Cassidy enjoying a day on the water with her mum, Nicole, who made sure she had a life jacket on.
Cassidy enjoying a day on the water with her mum, Nicole, who made sure she had a life jacket on. Contributed

Yeppoon mum's passion teaching daughter lifesaving skill

RAISING her daughter near the beach without teaching her how to swim was not an option for Yeppoon woman Nicole Condon.

Four months on from Cassidy's first swimming lesson and Nicole says she's taken to the water just like a fish.

Nicole stressed the importance of giving her 10-month-old the chance to learn a vital skill after seeing family members struggle with water.

Her comments come in the wake of News Corp's campaign to push the State Government to make swimming lessons compulsory in all Queensland schools.

"We have a dam on our property, have a boat and go down the beach so it was important for her safety,” she said.

"Kids shouldn't be scared of the water but should know their limits.”

Nicole and Cassidy at a swimming lesson at Little Fish Swim Academy in Yeppoon.
Nicole and Cassidy at a swimming lesson at Little Fish Swim Academy in Yeppoon. Contributed

Nicole said all children should learn how to swim but it was ultimately up to parents to make the commitment.

Swimming classes are currently available to young children at a cost but Nicole agreed school lessons should "definitely be compulsory in the future”.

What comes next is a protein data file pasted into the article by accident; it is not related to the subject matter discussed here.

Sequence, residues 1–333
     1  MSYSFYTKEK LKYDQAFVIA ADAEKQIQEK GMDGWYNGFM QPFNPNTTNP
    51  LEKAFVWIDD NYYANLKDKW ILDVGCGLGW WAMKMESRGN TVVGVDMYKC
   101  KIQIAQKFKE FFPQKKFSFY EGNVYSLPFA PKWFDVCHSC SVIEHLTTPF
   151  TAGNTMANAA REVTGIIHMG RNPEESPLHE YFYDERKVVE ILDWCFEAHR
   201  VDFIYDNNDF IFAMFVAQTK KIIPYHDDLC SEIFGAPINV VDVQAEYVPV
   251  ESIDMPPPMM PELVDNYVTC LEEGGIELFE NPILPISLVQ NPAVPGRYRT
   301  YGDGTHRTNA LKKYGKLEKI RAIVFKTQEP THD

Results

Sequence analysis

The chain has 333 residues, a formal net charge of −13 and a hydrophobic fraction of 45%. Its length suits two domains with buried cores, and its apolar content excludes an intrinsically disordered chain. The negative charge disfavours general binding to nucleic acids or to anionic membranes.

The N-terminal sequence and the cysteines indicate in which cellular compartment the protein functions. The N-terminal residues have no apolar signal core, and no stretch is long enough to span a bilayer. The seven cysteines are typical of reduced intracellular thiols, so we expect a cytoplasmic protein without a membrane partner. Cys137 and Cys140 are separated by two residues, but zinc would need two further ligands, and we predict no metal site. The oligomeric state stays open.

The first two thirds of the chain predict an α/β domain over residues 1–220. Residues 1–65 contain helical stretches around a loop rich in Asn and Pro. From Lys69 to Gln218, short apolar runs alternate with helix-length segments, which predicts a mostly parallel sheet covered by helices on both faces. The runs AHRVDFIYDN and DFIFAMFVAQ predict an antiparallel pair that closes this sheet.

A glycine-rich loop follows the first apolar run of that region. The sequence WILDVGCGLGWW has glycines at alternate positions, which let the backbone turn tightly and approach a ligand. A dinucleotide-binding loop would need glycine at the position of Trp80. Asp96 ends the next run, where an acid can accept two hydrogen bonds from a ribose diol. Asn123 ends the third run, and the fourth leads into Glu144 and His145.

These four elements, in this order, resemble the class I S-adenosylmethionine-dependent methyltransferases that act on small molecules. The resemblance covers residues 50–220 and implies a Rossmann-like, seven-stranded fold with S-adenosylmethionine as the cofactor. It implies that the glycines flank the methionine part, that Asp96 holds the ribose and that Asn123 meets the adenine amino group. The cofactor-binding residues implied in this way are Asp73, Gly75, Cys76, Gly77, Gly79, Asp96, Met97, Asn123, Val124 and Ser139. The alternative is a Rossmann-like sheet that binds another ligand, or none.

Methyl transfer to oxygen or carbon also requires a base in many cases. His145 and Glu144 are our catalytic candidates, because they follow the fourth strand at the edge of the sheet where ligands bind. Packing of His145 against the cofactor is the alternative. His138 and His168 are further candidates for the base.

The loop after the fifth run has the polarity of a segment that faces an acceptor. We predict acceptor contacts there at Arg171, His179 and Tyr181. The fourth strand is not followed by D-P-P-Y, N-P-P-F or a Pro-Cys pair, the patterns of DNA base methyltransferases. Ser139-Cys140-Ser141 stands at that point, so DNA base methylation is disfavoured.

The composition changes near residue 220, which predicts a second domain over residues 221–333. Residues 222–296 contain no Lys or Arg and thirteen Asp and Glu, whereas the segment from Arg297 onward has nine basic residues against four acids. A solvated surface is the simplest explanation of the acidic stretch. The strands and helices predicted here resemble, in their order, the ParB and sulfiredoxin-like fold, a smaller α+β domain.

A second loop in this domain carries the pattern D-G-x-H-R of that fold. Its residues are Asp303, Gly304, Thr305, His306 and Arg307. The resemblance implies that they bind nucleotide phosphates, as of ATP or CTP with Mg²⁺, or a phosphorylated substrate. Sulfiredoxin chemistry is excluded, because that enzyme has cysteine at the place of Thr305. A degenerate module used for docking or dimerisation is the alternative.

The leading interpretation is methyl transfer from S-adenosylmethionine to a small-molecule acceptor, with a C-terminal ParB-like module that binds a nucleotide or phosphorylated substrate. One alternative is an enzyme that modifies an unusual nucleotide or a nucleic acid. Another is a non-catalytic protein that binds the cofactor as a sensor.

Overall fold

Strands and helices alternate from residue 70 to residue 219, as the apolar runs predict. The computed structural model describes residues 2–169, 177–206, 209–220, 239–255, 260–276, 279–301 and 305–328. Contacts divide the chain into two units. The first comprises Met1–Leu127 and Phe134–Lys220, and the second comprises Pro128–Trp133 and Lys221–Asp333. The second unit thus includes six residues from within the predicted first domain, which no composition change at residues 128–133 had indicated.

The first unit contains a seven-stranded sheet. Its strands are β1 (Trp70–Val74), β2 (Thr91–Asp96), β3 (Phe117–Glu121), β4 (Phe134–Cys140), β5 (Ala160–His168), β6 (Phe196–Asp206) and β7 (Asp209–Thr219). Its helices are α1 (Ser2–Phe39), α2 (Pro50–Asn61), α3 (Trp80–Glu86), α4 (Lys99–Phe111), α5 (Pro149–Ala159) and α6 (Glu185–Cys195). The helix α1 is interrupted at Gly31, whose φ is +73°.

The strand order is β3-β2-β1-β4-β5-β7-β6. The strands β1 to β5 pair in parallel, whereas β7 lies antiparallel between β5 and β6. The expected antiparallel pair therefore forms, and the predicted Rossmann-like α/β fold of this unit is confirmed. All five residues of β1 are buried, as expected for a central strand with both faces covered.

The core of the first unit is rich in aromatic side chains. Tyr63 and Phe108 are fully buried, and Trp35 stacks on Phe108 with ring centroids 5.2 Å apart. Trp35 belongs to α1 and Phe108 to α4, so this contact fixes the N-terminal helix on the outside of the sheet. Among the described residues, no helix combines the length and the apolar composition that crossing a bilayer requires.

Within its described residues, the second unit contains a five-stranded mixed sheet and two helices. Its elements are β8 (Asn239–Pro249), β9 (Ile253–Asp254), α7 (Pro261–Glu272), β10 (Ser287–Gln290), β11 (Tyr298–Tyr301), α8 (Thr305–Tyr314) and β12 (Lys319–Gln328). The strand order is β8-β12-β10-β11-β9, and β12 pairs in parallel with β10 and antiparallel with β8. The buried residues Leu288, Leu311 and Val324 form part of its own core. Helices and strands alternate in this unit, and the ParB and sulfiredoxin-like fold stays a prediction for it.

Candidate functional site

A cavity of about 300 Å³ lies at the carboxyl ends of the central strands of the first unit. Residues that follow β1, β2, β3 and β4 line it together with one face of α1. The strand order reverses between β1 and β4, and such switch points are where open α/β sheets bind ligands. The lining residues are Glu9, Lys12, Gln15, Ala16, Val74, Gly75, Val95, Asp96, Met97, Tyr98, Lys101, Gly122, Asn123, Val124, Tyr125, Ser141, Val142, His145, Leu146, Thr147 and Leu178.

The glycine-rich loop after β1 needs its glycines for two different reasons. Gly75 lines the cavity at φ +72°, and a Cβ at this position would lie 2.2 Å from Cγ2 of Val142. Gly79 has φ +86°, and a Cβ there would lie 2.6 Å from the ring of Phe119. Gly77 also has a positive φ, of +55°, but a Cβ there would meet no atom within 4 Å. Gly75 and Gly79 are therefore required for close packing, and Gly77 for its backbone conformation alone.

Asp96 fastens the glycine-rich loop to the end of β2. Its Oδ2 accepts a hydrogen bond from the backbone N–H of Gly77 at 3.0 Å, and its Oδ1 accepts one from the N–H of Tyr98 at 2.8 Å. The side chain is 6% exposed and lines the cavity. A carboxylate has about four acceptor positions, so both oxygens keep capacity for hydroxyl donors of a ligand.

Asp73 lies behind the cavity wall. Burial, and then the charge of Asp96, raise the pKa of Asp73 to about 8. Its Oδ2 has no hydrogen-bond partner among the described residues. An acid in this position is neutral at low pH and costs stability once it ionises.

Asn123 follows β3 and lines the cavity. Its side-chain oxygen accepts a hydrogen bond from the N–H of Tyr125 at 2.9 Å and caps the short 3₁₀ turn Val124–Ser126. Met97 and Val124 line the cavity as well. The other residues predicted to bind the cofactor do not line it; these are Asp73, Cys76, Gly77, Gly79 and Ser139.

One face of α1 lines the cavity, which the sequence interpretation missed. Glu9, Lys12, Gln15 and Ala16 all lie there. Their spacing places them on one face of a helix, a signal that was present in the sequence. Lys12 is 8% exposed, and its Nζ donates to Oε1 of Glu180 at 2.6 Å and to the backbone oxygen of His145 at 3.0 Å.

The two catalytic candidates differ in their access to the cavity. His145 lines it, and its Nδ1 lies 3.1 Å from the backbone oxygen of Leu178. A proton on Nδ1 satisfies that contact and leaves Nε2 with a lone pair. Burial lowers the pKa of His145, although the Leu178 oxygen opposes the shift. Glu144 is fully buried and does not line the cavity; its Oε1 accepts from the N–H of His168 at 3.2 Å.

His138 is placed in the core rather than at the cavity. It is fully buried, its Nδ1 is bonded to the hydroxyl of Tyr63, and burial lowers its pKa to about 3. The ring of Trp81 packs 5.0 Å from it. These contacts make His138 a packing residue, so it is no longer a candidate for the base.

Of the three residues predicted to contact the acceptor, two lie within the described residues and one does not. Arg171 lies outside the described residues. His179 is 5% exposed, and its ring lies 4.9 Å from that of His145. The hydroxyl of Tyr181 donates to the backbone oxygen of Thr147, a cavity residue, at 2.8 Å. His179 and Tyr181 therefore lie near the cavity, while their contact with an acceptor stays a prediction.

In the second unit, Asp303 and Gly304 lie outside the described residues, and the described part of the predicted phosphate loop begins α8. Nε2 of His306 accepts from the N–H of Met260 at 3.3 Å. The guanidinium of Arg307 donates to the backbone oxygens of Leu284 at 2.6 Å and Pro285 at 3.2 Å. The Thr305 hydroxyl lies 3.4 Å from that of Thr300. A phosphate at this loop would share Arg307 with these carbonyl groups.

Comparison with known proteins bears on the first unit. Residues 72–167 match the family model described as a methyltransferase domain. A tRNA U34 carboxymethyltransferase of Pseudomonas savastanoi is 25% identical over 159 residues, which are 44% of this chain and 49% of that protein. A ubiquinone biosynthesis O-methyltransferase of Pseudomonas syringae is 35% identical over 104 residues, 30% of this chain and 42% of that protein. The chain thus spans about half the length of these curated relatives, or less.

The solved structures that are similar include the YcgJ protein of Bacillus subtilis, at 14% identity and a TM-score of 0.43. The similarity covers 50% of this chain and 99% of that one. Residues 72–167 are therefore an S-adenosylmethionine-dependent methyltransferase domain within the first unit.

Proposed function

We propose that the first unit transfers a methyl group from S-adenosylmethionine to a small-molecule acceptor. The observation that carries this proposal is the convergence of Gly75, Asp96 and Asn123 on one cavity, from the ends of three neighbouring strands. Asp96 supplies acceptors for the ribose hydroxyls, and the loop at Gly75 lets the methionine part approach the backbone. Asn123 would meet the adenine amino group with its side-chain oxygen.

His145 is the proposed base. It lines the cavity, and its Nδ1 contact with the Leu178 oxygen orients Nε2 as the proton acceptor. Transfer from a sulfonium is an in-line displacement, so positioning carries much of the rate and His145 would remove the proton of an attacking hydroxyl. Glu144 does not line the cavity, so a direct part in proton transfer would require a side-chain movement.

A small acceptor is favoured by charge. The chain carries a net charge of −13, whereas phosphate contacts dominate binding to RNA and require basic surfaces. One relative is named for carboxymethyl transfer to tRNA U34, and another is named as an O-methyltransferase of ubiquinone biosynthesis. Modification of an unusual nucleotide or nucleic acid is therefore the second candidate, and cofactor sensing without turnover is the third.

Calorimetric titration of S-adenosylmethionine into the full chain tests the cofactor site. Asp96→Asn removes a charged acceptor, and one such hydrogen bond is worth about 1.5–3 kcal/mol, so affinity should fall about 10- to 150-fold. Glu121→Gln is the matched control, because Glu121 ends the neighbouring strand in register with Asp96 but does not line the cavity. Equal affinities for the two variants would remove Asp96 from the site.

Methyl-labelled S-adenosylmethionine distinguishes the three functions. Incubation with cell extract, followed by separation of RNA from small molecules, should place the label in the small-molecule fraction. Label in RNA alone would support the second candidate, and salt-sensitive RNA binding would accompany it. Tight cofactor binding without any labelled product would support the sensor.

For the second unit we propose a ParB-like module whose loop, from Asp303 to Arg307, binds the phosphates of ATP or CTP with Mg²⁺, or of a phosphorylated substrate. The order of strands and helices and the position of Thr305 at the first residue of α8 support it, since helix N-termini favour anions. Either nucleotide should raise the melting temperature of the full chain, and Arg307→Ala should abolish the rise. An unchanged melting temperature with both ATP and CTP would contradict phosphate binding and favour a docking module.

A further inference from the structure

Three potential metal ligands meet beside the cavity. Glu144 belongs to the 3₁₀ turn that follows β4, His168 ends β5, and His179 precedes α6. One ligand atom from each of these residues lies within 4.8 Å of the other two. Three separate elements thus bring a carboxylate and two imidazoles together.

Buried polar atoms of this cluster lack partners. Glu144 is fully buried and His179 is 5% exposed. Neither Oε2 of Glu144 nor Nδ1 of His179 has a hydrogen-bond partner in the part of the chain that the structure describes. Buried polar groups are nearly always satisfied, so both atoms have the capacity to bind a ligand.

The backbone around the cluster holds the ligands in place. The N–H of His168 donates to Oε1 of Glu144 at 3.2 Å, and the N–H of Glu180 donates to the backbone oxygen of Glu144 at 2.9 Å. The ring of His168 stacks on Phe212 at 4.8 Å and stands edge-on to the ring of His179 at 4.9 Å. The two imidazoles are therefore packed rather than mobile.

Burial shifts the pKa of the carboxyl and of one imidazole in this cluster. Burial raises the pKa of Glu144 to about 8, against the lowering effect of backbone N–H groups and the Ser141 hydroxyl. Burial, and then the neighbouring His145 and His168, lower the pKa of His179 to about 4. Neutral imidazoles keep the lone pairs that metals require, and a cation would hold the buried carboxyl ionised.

Owner of Connolly's Little Fish Swim Academy, Annette Connolly, says too often she sees older children who have fallen through the cracks.

Teaching more that 350 kids a week over four years, Annette says education on water safety was vital.

"We see older kids who have no confidence in the water and our aim is to build that so they can feel safe,” she said.

Nicole Condon and her daughter, Cassidy, at a swimming lesson.
Nicole Condon and her daughter, Cassidy, at a swimming lesson. Contributed

Although child drownings in Queensland were down, eight children died between 2015 and 2016, three of those in pools.

According to Queensland Family and Child Commission reports, three children aged between 10 and 17 years old died in that time frame.

This is reportedly a pattern that has been found in all previous reporting periods and an indication of the particular vulnerability of this age group.

Annette said swimming lessons could start for those as young as three months and "the earlier the better”.

Nicole said thanks to swimming lessons, she didn't feel anxious about Cassidy playing cheerfully in water and was looking forward to her second term at swimming school.



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